Sunday, September 25, 2005

So you want to run for ALA council...

Here are the results of my very unscientific survey...

I only planned on posting this survey to the NexGen and NewLib lists, but then it showed up on Tinfoil + Raccoon, so the responses may come from a larger pool.


1. What group do you identify with (choose as many as apply)?
  • MLS/MLIS/etc. student 39% (30)
  • NexGen/GenX/Millennial 63.6% (49)
  • New/recent MLS graduate 46.8% (36)
  • Paraprofessional 7.8% (6)
  • Other (please specify) 6.5% (5)
  • Total Respondents 77
  • (skipped this question) 0

Those who chose "other" mostly identified themselves as a librarian, just not a recent grad or nexgen age group. One person listed "Establishment" (ha ha), and there was one intern.


2. Are you a member of ALA?
  • Yes, I'm a student member 34.2% (26)
  • Yes, I'm not a student member 46.1% (35)
  • No, and I don't plan on joining 3.9% (3)
  • No, but I would consider joining to run/support a council candidate that represents my interests 15.8% (12)
  • Total Respondents 76
  • (skipped this question) 1

Hooray for supporting your professional organization! Of course, the fact that you’re subscribed to NexGen or NewLib (or read Rochelle’s blog) might mean that you’re keen on professional involvement to begin with. At least we know that most of you are eligible to vote in ALA elections. And if you're not a member, keep in mind that you have to join before the online voting starts to be eligible to vote in that year's election.

3. Are you an active participant in a library association? (choose as many as apply)
  • Yes - ALA committee/roundtable etc. 22.7% (17)
  • Yes - state library association committee/roundtable etc. 13.3% (10)
  • Yes - SLA (special libraries) committee/roundtable etc. 4.1% (3)
  • Yes - MLS student library group committee/roundtable etc. 9.3% (7)
  • Yes - other committee/roundtable etc. 12% (9)
  • No, but I'd like to get involved 53.3% (40)
  • No, and I'm not interested in serving on a committee. 8% (6)
  • Total Respondents 75
  • (skipped this question) 2

Kudos for being involved! It looks like a fair number are already making their voices heard. There’s a large number who aren’t currently involved, but would like to be. How do we make that happen? What is getting in the way?

4. Have you ever attended a national library association conference? (includes ALA annual and midwinter, PLA, SLA, etc.)
    No. 46.1% (35)
  • Yes, once. 27.6% (21)
  • Yes, 2-5 times. 19.7% (15)
  • Yes, 6-10 times. 5.3% (4)
  • Yes, 11+ times. 1.3% (1)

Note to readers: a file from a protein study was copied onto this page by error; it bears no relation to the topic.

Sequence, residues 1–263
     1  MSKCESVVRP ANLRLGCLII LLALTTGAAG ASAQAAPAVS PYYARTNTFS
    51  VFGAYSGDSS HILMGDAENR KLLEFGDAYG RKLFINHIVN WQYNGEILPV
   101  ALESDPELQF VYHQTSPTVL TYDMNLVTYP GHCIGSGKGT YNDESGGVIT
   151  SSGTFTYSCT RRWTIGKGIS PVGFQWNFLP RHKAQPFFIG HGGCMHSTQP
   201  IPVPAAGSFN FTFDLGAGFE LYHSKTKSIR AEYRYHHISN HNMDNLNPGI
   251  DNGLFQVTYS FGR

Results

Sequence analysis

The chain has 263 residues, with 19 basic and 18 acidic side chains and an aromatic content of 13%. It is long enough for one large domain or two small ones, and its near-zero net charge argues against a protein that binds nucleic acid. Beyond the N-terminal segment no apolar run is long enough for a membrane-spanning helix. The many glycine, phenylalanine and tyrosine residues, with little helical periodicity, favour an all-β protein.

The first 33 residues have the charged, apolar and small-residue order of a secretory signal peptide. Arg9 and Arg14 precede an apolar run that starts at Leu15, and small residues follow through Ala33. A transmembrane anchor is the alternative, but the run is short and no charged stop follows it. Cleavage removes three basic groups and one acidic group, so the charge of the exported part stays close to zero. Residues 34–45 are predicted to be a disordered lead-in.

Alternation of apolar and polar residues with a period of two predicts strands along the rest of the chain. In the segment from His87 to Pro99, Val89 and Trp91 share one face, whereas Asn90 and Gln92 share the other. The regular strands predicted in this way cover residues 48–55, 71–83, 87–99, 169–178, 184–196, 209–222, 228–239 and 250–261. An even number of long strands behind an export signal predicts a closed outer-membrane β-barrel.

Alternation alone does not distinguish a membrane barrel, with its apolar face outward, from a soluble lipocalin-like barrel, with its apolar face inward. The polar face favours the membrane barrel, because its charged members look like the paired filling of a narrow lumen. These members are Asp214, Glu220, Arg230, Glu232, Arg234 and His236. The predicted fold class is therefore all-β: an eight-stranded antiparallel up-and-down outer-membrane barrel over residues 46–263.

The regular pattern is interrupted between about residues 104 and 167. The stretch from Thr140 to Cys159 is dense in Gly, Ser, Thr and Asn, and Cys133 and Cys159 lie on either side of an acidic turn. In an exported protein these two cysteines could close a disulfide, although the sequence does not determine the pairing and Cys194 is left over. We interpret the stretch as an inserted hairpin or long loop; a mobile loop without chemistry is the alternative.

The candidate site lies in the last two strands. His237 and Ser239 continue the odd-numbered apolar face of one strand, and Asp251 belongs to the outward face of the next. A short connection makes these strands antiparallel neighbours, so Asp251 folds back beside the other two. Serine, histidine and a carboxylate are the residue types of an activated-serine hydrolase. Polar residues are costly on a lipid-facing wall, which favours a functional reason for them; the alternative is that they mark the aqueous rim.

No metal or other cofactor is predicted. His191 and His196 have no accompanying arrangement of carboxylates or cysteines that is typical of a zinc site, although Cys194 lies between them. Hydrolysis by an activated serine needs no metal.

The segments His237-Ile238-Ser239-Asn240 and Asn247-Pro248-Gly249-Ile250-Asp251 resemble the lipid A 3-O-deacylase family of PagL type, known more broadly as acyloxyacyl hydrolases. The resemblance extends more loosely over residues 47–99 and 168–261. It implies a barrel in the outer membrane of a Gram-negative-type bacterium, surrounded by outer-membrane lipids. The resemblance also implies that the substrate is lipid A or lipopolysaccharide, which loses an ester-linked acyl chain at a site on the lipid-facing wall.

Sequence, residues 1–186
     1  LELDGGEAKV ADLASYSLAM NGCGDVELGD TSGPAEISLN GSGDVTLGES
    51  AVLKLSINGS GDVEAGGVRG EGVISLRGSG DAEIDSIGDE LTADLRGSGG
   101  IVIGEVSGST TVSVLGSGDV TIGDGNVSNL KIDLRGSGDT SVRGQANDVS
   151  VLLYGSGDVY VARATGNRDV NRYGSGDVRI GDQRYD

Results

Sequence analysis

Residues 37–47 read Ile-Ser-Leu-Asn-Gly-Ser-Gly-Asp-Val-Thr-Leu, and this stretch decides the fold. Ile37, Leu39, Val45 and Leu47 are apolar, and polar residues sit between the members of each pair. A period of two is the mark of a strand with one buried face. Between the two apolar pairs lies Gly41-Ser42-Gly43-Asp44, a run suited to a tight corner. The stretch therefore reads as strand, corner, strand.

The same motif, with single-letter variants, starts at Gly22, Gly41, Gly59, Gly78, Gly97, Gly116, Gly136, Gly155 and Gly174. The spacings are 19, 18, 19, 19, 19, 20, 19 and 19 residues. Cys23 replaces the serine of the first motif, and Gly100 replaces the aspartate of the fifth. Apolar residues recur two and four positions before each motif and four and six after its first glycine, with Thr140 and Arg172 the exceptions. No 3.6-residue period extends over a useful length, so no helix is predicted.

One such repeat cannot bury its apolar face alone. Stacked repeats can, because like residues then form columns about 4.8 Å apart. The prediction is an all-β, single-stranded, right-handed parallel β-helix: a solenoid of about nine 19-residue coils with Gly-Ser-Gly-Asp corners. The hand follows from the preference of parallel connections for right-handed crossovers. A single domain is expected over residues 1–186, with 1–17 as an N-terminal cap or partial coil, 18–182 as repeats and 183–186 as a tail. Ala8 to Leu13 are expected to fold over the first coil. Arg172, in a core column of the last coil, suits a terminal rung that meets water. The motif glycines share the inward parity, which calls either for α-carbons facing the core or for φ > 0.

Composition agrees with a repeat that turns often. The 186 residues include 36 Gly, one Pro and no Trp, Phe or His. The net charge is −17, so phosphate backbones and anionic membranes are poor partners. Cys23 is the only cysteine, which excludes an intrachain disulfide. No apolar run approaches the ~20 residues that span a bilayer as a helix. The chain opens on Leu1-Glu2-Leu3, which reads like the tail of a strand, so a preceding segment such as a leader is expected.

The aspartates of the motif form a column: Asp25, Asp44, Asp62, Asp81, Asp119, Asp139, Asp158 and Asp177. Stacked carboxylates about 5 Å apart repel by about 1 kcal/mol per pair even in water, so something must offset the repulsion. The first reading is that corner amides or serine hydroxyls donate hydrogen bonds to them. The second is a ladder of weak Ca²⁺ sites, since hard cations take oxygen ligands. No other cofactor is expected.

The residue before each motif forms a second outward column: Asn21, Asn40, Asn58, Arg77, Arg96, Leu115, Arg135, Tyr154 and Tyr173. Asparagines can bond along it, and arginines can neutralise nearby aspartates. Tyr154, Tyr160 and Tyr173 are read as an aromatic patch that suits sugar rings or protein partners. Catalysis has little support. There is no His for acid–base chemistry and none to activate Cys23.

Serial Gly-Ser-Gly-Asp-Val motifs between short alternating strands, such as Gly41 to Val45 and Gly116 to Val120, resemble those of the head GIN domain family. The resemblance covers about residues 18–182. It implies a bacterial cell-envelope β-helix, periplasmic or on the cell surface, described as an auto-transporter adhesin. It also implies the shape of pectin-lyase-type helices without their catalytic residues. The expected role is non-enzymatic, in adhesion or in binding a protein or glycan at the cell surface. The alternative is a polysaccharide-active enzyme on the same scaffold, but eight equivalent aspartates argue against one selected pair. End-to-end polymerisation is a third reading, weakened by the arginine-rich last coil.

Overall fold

• Total Respondents 76
  • (skipped this question) 1

5. Have you attended a state library association conference?
  • No. 47.4% (36)
  • Yes, once. 26.3% (20)
  • Yes, 2-5 times. 22.4% (17)
  • Yes, 6-10 times. 2.6% (2)
  • Yes, 11+ times. 1.3% (1)
  • Total Respondents 76
  • (skipped this question) 1

Getting to conferences may be the biggest barrier to more involvement among students, new professionals, and nexgen-ers.


6. What are your thoughts on ALA council?
  • Don't know enough about council to have an opinion 63.2% (48)
  • My interests are well represented on council. 1.3% (1)
  • My interests are somewhat represented on council. 21.1% (16)
  • My interests are poorly represented on council. 14.5% (11)
  • Total Respondents 76
  • (skipped this question) 1

Ouch. I think we’ve each got to shoulder a certain amount of responsibility for staying informed about what is going on in our profession, but if this many people are in the dark about council, it suggests that either council is perceived as irrelevant or inaccessible. If you want to learn more about council and ALA governance, you’ve got a few options. Try reading the council listserv archive (all standard listserv caveats apply). Or, try reading the blogs of a few councilors--they usually mention their council activities once in a while (a google blog search for ALA council turns up quite a few). And if you go to a conference, participate in the membership meeting or listen in on the council meetings. Other suggestions? As for those of you who do have a sense of what's going on, things still don't look very good. If you're the I-like-to-work-from-within-the-system-to-change-things type, all the more reason to run.